Coffee Regional Medical Center sent the following release:
The following information is provided by www.sepsis.org
What is Sepsis? Sepsis is the body’s overwhelming and life-threatening response to infection that can lead to tissue damage, organ failure, and death. In other words, it’s your body’s overactive and toxic response to an infection.
Your immune system usually works to fight any germs (bacteria, viruses, fungi, or parasites) to prevent infection. If an infection does occur, your immune system will try to fight it, although you may need help with medication such as antibiotics, antivirals, antifungals, and antiparasitics. However, for reasons researchers don’t understand, sometimes the immune system stops fighting the “invaders,” and begins to turn on itself. This is the start of sepsis.
Some people are at higher risk of developing sepsis because they are at higher risk of contracting an infection. These include the very young, the very old, those with chronic illnesses, and those with a weakened or impaired immune system.
Patients are diagnosed with sepsis when they develop a set of signs and symptoms related to sepsis. Sepsis is not diagnosed based on an infection itself. If you have more than one of the symptoms of sepsis, especially if there are signs of an infection or you fall into one of the higher risk groups, your doctor will likely suspect sepsis.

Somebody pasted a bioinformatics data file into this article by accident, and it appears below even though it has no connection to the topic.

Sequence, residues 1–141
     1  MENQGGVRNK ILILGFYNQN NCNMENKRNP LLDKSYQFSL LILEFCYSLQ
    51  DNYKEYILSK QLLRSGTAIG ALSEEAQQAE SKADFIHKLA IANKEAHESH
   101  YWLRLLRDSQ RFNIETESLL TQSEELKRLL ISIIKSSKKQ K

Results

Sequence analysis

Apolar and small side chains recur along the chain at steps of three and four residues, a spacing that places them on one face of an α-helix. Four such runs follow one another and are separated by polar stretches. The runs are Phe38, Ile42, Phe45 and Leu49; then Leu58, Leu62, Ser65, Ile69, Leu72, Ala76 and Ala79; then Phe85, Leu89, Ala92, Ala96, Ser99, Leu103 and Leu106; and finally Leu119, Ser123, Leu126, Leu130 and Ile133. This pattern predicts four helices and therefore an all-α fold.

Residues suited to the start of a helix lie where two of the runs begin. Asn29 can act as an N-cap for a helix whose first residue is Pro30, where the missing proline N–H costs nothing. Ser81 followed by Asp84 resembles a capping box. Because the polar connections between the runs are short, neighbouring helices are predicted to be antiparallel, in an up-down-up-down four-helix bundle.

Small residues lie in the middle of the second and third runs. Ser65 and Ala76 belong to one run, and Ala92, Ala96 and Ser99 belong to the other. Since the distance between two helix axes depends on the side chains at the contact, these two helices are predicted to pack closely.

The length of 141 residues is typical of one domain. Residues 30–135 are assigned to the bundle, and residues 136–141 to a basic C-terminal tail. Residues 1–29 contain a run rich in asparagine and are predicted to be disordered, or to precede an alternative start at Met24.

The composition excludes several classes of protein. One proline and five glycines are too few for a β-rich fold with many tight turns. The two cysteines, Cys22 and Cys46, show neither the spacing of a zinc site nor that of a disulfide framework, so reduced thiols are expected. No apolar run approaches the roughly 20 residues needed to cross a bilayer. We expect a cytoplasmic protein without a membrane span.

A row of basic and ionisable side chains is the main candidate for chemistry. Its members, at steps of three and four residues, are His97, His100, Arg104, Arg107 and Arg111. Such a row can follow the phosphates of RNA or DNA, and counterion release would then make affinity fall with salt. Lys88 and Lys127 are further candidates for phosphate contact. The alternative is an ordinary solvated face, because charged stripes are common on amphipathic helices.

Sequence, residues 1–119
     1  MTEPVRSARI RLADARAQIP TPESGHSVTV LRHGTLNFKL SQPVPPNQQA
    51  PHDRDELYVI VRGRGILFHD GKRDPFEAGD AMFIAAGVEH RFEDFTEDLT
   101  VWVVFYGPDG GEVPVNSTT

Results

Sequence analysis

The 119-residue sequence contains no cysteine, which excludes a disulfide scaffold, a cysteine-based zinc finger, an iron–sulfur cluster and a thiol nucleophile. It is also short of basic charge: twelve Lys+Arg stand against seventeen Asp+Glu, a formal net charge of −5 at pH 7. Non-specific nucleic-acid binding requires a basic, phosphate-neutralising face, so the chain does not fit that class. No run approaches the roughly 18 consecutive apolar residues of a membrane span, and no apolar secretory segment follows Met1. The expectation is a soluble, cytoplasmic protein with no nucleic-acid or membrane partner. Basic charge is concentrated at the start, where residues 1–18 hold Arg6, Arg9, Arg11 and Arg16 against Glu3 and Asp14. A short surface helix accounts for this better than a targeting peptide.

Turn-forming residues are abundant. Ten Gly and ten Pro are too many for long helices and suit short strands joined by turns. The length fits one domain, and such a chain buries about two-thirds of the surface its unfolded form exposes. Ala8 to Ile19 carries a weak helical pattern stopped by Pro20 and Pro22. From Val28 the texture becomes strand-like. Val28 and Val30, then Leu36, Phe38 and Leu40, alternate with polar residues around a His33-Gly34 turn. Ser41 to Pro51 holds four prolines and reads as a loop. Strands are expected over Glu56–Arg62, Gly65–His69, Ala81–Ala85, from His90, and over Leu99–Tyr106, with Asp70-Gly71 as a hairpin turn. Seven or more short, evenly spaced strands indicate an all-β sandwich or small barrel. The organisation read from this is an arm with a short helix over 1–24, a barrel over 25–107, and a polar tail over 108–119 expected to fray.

Sepsis progresses to severe sepsis when in addition to signs of sepsis, there are signs of organ dysfunction, such as difficulty breathing (problems with the lungs), low or no urine output (kidneys), abnormal liver tests (liver), and changes in mental status (brain). Nearly all patients with severe sepsis require treatment in an intensive care unit (ICU).
Septic shock is the most severe level and is diagnosed when your blood pressure drops to dangerous levels.
Studies investigating survival have reported slightly different numbers, but it appears that on average, approximately 30% of patients diagnosed with severe sepsis do not survive. Up to 50% of survivors suffer from post-sepsis syndrome. Until a cure for sepsis is found, early detection and treatment is essential for survival and limiting disability for survivors.
What are the warning signs of Sepsis? It’s important to look for a combination of the warning signs of sepsis. Spotting these symptoms early could prevent the body from entering septic shock, and could save a life.
T – Temperature higher or lower.